Why Are Chiropractic and Massage Therapy Often Used Together?
Chiropractic medicine is based on the idea that your body can help to keep itself healthy if your spine, neck, and head are aligned properly and free from abnormalities that impair the proper flow of energy along your spinal column. Doctors of Chiropractic thus work with spinal structures, using manipulative techniques to correct injuries and abnormalities and to speed healing of health problems—particularly musculoskeletal and neurological ones—that arise from misaligned bones.
At the same time, however, the bones of the spine are surrounded by muscle tissue and connective tissues (such as ligaments and tendons) that enable and control its movements. These soft tissues are affected by the spinal abnormalities, and may either cause or exacerbate structural problems. So massage therapy (which works to relax muscles, increase blood flow and improve mobility of connective tissues) is often a perfect complement to chiropractic manipulation (which works to resolve the structural problems).
Chiropractic and massage are not only compatible, they are complementary.
Massage is often recommended as an integral part of a broader chiropractic treatment plan, either in the form of massage to loosen muscle tightness before an adjustment, or after an adjustment to help the muscles adapt to the newly-repaired spinal structures. Many patients report that the combination of these two therapies works better than either therapy alone.
There is even objective evidence of this, in the form of an extensive survey of alternative health care treatments conducted by Consumer Reports magazine. Asking over 34,000 readers to rate both conventional and alternative treatments as to whether they “helped a lot,” “helped some,” or “helped a little,” the researchers found that chiropractic and massage rated higher than any other alternative health care methodologies, and in some cases higher than conventional medical care. Chiropractic, for example, was rated most effective in relieving back pain, while deep tissue massage was rated most effective in treating osteoarthritis and fibromyalgia. As researcher Tiffany Field explained, “Moderate pressure to muscles and soft tissues stimulates a cascade of biological effects… We find that moderate pressure is essential for the effects we see from massage, and may be one way that chiropractic works as well, because typically a chiropractor applies moderate pressure.”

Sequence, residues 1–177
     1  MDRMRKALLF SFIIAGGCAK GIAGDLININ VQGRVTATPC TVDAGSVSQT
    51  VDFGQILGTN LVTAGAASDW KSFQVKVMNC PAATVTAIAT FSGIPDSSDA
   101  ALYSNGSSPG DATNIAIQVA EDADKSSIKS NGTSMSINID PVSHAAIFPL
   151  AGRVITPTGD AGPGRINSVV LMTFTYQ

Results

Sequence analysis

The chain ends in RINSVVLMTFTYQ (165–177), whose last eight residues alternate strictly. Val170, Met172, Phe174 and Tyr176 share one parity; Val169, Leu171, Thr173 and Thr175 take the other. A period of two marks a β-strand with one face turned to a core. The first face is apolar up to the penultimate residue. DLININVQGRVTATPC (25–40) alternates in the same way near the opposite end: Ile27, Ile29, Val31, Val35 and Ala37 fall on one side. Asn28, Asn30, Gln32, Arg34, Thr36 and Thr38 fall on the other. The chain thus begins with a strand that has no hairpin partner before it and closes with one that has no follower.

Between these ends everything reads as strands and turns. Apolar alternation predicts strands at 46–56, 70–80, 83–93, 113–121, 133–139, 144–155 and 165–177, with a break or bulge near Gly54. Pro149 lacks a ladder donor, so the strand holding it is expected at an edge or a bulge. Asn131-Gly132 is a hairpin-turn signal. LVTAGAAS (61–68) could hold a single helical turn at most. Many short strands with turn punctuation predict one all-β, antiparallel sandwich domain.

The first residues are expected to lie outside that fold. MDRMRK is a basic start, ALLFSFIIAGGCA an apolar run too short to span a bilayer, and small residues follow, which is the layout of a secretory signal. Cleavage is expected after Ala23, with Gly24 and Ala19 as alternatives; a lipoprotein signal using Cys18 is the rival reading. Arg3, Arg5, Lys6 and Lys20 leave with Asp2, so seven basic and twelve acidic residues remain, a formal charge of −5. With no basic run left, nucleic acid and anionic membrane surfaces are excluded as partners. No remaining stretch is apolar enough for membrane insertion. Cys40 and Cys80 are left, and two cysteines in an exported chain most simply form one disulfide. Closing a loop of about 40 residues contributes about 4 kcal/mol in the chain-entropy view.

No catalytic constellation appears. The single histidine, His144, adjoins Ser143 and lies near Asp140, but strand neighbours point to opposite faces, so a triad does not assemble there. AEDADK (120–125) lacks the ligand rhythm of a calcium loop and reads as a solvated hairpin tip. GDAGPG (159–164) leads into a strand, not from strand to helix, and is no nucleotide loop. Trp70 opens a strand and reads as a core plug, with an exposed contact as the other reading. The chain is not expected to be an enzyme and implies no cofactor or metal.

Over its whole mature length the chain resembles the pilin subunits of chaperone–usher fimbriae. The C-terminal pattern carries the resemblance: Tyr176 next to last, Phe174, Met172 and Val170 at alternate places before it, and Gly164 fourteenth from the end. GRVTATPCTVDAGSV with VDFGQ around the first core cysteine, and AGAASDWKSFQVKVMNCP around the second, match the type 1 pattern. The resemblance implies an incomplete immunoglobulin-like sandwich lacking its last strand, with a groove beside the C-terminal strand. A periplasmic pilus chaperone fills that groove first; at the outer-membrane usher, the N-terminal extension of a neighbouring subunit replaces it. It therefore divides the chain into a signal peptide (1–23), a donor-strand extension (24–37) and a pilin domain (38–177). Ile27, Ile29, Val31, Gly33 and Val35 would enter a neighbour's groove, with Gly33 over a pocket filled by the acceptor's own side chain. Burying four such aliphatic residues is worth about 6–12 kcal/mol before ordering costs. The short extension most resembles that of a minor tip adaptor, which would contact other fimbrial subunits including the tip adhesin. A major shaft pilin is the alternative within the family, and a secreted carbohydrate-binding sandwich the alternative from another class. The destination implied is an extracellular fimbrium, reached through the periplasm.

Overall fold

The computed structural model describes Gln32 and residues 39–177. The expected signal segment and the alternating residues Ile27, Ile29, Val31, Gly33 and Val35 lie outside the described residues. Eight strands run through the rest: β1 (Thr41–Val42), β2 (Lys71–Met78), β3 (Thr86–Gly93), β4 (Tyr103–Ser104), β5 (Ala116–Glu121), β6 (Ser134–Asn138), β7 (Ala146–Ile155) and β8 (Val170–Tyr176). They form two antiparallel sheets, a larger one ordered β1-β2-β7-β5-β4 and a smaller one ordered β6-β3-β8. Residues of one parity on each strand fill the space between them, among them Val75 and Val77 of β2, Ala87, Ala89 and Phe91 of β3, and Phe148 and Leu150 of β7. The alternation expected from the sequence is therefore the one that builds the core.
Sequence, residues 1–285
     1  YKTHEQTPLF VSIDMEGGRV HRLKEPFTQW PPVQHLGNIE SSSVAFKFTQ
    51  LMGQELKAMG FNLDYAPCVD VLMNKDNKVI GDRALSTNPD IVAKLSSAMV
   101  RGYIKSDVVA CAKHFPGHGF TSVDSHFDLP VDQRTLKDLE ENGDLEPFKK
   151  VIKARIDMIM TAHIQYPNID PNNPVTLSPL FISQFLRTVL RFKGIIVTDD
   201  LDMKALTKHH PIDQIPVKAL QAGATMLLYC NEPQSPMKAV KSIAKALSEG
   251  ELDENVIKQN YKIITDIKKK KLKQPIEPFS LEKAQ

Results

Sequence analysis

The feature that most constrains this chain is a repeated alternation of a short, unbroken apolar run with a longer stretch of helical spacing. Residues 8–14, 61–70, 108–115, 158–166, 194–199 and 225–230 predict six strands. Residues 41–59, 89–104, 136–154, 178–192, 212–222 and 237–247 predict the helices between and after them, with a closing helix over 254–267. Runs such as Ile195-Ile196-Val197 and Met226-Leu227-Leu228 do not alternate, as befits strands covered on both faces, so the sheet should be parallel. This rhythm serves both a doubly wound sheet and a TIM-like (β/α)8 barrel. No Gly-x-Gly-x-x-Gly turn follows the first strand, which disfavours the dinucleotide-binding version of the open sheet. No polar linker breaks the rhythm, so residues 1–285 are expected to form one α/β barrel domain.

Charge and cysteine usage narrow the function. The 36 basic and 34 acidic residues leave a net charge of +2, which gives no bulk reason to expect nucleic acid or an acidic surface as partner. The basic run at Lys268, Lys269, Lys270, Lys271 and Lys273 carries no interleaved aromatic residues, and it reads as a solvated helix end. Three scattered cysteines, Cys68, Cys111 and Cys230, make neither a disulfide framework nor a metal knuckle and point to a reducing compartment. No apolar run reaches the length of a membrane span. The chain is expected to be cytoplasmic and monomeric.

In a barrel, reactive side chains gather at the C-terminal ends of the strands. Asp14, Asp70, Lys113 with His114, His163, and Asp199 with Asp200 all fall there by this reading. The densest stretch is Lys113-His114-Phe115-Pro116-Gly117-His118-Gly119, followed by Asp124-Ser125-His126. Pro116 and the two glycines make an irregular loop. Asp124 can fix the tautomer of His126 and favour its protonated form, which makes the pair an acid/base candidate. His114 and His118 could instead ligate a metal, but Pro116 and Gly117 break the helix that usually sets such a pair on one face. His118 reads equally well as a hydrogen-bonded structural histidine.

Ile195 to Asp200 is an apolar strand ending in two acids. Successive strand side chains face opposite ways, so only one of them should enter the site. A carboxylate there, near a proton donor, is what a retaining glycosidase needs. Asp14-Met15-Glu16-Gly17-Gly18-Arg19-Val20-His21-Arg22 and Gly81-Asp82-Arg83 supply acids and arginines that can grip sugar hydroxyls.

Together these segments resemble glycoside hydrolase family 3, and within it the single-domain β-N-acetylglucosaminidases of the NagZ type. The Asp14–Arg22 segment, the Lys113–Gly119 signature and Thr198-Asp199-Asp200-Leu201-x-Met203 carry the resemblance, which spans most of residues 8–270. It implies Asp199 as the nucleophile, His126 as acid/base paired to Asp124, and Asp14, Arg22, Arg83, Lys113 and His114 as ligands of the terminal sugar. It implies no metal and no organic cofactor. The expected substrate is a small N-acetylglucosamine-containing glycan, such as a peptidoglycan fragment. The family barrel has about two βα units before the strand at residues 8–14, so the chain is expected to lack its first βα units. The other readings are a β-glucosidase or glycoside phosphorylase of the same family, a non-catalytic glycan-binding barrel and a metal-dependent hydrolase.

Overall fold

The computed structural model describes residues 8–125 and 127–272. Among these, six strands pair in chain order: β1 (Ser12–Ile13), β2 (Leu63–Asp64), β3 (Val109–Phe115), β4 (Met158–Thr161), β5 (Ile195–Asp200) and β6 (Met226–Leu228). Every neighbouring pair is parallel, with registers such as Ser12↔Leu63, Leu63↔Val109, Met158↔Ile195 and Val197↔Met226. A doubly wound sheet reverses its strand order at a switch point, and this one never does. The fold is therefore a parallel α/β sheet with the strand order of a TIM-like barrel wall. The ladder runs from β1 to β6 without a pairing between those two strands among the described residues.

How is massage integrated into chiropractic treatment?
Many Doctors of Chiropractic work closely with trained massage therapists to provide the proper combination of therapies. For example, massage is often recommended before spinal adjustment because it relieves muscle tension that may be pulling joints out of alignment, and makes it easier for the chiropractor to move them back into place. Alternatively, many patients who seek pain relief from massage therapists but find that their discomfort persists experience more lasting relief by adding chiropractic care to their health regimen.
Many patients have discovered that they recovery from injuries much more quickly and much more completely with the combination of chiropractic care and massage therapy. This is most noticeable with conditions that cause chronic pain—the chiropractor works to relieve the structural problems and the massage therapist works to resolve the soft tissue problems. Most chiropractors who work hand-in-hand with massage therapists collaborate to find the most effective treatment regimen for each patient—the one that returns them to a feeling of health and well-being as quickly as possible.
So massage therapy can be seen as almost a perfect “partner” for chiropractic care. Both treatment methodologies are holistic and focus on helping patients without the use of drugs or surgery, and both are dedicated to finding and treating the underlying cause of your pain rather than just treating the symptoms.